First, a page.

The upset that was not to be, so we will have a rematch for Indy on Super Saturday

“It was a great college game…we’re extremely disappointed.  We really thought that we had a great chance to beat them.”

Notre Dame head coach Mike Brey moments after nearly derailing Kentucky’s pursuit to perfection at the Midwest Regional Final in Cleveland.

Simply put, Notre Dame did everything right.

And I mean everything…except for the final minute of play.

Eight lead changes and multiple ties later, the Fighting Irish did not commit any fouls from the halftime break until 10:12 elapsed into the second half.

Three things Mike Brey’s team had going for them were huge as the game wore on and this had the makings of a classic:

  • Notre Dame held its’ own in regards to points in the paint
  • Rebounding was close to dead even (Kentucky won that battle by a small margin of 28-25)
  • The three-point shot was available at key moments and the star players made the star plays from Zach Auguste to Patrick Connaughton and Jerian Grant.

Both teams played magnificently to a 31 all tie at the half.

Notre Dame led by as many as six points, 59-53 with 6:30 left.

But somehow, someway–the Harrison twins would not let Kentucky lose.  From the 2:30 mark onward was when the comeback took some very strange turns for all fans of the Fighting Irish.

The peculiar sequence began with 45 seconds remaining, as Notre Dame missed a shot.  Kentucky’s Tyus Jones clearly squeezed the ball too hard going for a rebound.  The ball went out of bounds with 37.1 seconds to go.

Problem was, did the shot clock run out before the ball touched the ground?
After five minutes of deliberating, the officials correctly ruled that the ball would be retained by Notre Dame.  But the Irish could not get a shot off in time.  After Mike Brey used his last timeout, Andrew Harrison drove to the basket and drew a foul against Jerian Grant.

Kentucky missed six free throws in this game, but Harrison did not miss either one.  With UK up two and six seconds left, and Patrick Connaughton dished the ball quickly to Jerian Grant.  Speeding up court as quickly as he could, he got into the left corner attempting what would have been an upset-making three (almost as close as Villanova over Georgetown in 1985 for instant reference), but his double-clenching shot attempt simply drew air and went long as the buzzer sounded.

Kentucky survived with more than their shoes on tonight.

Yes, even Coach John Calipari strongly hinted on Friday that his team was “not perfect, only unbeaten.”

Karl-Anthony Towns still had a field day in the low blocks, finishing with a game high and hard earned 25 points.  Auguste had 20 for the Irish, even finishing the game in foul trouble.  His 9 rebounds was also huge.  Against the best defense (probably) in college hoops (history), Notre Dame committed only seven turnovers.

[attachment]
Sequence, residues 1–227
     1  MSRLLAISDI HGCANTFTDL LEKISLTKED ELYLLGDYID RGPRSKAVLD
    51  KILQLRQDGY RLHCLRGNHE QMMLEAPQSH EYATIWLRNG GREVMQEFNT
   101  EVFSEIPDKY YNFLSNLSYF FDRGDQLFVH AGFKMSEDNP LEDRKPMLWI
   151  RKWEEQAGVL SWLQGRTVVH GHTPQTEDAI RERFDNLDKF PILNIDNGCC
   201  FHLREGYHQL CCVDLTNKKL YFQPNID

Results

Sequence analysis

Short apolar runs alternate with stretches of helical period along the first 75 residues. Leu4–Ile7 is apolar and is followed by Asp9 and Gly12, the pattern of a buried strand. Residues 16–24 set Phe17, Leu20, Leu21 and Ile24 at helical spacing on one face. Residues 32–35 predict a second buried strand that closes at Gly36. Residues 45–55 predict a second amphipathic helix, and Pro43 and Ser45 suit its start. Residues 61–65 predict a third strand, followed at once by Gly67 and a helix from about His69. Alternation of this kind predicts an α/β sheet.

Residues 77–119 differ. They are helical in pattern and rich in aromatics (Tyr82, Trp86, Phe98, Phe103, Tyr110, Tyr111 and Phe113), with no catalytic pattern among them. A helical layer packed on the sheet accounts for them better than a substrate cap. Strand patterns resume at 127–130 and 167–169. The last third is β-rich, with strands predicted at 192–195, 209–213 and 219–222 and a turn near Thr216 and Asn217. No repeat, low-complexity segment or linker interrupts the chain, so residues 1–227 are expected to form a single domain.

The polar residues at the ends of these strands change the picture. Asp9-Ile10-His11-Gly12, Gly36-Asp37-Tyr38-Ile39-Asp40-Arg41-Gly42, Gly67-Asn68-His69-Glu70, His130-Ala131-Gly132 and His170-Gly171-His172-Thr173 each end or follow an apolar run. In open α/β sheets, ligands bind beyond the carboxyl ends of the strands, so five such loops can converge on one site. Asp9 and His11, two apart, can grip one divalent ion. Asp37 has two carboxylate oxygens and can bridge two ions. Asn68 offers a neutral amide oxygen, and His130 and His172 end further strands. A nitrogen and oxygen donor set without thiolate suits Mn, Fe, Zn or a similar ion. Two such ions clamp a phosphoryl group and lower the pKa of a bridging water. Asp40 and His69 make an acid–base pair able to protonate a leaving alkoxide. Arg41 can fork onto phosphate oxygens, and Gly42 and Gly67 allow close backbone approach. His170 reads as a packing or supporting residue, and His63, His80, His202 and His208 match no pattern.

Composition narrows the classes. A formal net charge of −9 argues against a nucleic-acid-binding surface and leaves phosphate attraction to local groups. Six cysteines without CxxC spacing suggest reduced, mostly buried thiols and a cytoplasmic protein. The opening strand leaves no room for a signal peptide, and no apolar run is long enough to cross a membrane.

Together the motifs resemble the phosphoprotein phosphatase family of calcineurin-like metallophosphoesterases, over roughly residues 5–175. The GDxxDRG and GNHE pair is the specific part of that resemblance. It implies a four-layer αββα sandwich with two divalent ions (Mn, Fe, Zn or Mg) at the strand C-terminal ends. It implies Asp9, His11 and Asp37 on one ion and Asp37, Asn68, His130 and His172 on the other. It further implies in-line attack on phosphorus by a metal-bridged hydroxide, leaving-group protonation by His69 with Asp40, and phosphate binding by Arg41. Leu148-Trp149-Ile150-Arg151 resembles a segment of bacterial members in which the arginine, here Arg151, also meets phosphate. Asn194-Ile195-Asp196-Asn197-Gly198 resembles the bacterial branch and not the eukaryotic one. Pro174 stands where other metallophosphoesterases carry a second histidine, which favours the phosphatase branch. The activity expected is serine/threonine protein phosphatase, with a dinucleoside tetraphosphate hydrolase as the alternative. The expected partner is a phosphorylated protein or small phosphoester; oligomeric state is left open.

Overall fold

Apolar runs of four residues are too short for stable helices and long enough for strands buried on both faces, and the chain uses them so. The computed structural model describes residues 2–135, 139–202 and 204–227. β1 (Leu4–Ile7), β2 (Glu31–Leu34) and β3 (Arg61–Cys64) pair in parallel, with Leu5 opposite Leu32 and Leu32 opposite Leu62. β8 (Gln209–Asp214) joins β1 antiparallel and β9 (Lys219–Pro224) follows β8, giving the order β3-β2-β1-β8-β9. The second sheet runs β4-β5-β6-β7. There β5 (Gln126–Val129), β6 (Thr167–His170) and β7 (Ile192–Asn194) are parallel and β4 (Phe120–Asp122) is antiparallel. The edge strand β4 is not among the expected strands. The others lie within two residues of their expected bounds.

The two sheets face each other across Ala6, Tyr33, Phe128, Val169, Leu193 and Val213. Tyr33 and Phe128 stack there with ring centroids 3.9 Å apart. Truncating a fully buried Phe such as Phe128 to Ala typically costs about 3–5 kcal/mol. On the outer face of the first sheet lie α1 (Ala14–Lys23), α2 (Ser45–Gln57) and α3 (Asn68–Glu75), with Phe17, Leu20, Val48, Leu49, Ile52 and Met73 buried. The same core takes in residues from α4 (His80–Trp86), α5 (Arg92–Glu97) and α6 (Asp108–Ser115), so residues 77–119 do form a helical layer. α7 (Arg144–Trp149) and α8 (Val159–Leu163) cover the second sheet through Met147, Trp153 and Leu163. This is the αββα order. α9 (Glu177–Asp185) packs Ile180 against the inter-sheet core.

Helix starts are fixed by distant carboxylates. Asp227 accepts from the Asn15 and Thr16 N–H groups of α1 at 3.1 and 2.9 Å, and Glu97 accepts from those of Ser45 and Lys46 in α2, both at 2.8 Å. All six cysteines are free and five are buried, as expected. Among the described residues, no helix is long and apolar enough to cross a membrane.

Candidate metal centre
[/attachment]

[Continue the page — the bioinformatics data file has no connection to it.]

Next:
The final score was 68-66, but on this being the 23rd anniversary of the Last Great Tournament Game when Kentucky was on the wrong end of a 103-102 overtime final when Christian Laettner completed his perfect shooting game of 10 for 10 from the field and 10 for 10 from the foul line during that year’s instantly memorable East Regional Final at the old Spectrum in Philadelphia–the Irish earned more than respect, since they proved all along that they can play with any team on any given night in any given venue.

But just like most bracketologists and experts in Las Vegas correctly predicted, we will have a rematch at the Final Four in Indianapolis.

California Dreamin’, Part II

With Green Bay Packers QB Aaron Rodgers and girlfriend Olivia Munn in the crowd, the Wisconsin Badgers got off to a very fast start in the West Regional final in Los Angeles.

Brandon Ashley got into early foul trouble and the Badgers took full advantage leading 10-2.  But somehow, the Wildcats chipped away even with Sam Dekker (27 points) and Frank Kaminsky (29 points) hitting nearly every shot each time they touched the ball.

Both teams shot a blistering 55 percent for the game, even though Arizona took a brief 33-30 lead into the halftime locker room.

But things started getting bleak for Sean Miller a few minutes into the second half.  While attempting to grab a rebound, Stanley Jefferson’s right eye contact nearly came loose.

After feeling jilted in the locker room, he could barely see straight.  Sideline reporter Rachel Nichols mentioned about Johnson, “not being able to read signs in the hallway.”

About 12 minutes (7 game minutes) later, the redness was there but he came back onto the court.  Good thing that injury was not as worse as it initially seemed to be.

But in the end, Wisconsin kept draining threes–10 of them to be precise on 12 attempts to win going away 85-78.  Arizona got within five with 2 1/2 minutes, but could not get any closer than the one point overtime heartbreaks of 2014 in Anaheim and more infamously, the 15 point meltdown against a zany bunch of Fighting Illini in Rosemont back at the 2005 Elite Eight.

This marked the sixth time since 2003 that Arizona has failed to advance past the Elite Eight–starting with Kansas advancing that year to New Orleans before losing the title game to Carmelo Anthony and Syracuse.

Mind if I briefly flashback to the 2014 Final Four in Arlington, Texas–final seconds on the non-biased TBS call:

Will we have a similar type of ending here in 2015?
More on that in my Final Four preview sometime this coming week.

For now, let us catch our breath after one of the most dramatic games in college basketball history and I will hope to see you all here much earlier tomorrow night after the East and South regions are decided.  Michigan State and Louisville will battle again, along with Duke and a team trying to earn its’ very first trip to the Final Four in Gonzaga will round out the quartet and set up the other national semifinal game.


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